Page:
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The theory of BADaptation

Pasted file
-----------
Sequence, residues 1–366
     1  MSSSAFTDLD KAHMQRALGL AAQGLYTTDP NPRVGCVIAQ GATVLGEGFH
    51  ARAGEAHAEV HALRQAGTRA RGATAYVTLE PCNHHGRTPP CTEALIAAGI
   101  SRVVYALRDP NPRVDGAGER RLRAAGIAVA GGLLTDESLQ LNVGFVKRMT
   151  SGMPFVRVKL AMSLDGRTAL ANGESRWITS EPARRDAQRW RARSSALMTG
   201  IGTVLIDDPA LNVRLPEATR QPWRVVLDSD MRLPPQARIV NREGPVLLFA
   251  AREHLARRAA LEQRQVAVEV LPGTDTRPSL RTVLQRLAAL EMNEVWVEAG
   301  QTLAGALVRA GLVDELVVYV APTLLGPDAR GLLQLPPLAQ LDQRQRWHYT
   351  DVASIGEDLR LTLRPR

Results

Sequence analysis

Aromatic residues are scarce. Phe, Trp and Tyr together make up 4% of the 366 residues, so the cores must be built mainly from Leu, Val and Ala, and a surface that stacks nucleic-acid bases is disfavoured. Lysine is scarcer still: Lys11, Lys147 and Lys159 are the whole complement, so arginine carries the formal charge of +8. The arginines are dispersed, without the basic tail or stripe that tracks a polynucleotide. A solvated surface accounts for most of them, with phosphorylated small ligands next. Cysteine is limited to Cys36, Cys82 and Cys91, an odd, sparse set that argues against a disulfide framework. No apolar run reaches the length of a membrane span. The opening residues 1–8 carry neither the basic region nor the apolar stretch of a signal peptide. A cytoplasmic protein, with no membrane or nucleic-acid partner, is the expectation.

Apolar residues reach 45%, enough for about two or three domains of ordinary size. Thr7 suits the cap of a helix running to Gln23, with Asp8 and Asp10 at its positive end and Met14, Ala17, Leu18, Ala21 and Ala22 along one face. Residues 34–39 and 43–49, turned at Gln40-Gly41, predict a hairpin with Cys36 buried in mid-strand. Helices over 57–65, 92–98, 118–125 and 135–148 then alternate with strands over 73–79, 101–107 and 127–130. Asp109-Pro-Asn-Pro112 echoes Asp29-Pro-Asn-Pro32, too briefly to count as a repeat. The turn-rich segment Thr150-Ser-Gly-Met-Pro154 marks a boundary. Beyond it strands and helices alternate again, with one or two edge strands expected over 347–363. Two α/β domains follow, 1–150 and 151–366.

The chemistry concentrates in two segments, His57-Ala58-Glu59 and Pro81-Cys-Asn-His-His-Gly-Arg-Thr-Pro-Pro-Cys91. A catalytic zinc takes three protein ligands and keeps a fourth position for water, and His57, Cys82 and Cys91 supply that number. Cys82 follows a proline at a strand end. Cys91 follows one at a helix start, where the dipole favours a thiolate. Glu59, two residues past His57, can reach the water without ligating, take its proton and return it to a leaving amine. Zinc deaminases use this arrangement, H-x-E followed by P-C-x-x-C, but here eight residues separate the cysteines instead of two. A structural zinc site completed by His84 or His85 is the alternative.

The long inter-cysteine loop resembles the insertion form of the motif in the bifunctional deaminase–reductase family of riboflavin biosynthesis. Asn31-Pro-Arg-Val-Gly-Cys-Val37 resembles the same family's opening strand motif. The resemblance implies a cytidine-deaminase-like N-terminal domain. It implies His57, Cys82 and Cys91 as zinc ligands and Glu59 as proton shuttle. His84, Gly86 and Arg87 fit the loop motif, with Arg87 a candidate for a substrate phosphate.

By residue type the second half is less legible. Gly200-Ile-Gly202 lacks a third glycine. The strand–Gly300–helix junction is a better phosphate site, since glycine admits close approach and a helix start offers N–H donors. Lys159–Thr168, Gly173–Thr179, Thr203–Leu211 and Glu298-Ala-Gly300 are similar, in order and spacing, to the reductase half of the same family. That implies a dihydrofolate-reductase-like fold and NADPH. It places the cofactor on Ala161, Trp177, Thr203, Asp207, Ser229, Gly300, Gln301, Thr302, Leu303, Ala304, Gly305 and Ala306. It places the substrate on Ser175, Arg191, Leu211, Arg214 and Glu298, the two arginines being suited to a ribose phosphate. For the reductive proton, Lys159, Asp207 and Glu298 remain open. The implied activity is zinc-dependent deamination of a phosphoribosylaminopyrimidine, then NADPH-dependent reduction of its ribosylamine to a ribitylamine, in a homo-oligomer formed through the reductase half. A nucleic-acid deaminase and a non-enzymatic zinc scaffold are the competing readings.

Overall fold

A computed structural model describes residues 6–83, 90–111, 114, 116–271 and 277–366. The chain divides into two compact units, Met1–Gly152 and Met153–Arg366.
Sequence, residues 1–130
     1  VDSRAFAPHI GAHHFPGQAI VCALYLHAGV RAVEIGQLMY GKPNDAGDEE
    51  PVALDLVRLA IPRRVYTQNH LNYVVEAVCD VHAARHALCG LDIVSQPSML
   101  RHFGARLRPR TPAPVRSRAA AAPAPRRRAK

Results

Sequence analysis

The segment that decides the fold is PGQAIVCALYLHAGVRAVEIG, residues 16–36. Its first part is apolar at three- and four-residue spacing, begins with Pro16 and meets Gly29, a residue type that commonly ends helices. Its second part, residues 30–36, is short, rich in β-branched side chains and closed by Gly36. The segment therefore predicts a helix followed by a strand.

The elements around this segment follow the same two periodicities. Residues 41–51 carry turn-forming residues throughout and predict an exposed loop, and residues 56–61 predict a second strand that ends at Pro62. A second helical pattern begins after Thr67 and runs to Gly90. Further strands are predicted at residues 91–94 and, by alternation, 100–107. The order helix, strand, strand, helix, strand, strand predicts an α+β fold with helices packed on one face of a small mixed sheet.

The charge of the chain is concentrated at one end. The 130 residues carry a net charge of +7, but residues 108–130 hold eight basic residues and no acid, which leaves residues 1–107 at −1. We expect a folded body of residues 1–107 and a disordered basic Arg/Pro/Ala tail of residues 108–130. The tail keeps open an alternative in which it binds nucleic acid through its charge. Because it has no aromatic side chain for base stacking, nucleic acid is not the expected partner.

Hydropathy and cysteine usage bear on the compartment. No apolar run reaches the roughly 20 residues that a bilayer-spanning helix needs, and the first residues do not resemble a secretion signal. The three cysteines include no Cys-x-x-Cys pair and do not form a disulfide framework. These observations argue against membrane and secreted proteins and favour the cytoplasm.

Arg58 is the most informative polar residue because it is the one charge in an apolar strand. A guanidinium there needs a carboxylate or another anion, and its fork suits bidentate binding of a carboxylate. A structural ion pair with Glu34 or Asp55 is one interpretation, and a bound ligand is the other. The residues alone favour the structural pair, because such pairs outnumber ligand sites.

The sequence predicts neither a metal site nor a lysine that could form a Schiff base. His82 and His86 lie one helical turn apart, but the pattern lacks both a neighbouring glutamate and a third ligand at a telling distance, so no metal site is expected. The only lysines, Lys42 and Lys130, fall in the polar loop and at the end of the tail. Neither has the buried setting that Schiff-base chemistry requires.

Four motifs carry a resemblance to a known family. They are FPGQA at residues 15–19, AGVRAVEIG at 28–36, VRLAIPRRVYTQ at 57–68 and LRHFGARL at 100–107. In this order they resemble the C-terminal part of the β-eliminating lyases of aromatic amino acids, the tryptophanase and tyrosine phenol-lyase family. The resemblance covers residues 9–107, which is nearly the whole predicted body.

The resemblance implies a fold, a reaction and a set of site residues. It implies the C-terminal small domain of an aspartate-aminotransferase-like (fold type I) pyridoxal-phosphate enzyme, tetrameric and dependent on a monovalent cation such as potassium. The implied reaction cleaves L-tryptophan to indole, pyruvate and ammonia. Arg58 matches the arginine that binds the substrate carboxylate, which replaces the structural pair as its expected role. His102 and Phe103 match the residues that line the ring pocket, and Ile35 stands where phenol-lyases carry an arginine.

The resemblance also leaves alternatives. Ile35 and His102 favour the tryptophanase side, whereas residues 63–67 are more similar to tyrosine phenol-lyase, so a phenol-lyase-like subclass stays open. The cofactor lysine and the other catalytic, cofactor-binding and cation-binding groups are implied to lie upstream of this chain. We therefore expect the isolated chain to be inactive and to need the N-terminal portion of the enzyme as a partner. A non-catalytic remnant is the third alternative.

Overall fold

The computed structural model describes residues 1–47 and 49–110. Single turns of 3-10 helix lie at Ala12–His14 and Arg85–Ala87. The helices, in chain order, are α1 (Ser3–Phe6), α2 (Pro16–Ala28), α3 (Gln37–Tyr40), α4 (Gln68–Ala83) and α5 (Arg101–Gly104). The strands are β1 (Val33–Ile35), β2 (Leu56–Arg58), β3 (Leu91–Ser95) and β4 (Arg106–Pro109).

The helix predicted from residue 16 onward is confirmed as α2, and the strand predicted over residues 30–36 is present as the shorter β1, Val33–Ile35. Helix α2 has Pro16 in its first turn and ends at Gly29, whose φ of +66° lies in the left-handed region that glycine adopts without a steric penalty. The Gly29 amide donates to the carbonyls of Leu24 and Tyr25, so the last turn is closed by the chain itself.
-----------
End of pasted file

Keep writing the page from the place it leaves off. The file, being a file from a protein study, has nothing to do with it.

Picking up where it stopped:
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BA Daptation-a term coined by J. Kraus (2012: 258) and developed by Constantine Verevis (Verevis 2014: 216)-is a resonant portmanteau in adaptation studies. In 2010, Deborah Cartmell and Imelda Whelehan subtitled a book Impure Cinema “to call attention to the bad press that adaptations have received since the beginning of film’s history” (Cartmell and Whelehan 2010: 127). The rhetoric of BADaptation precedes cinema: describing an 1838 stage play of Oliver Twist, Charles Dickens the Younger decrees it the worst in “the very long list of bad adaptations of popular stories” (Dickens 1892: xxvii); decades earlier, a periodical reviewer addresses “the bad adaptation of hymns to tunes” (anon 1856: 98) and a letter to The Players, a nineteenth-century penny British theatrical journal, declares: “that our stage should become the receptacle for bad adaptations of immoral French buffoonery, we feel a national degradation” (anon. 1860: 2). While Verevis defines "?‘BADaptation’ [as] a concept employed to engage with and challenge those approaches to adaptation and remaking that routinely employ a rhetoric of betrayal and degradation, of ‘infidelity’ to some idealized original” (Verevis 2014: 216), these examples make clear that adaptations have been dubbed bad (as well as many synonyms for bad) for violating moral and national ideologies as well as theories of ideal originals.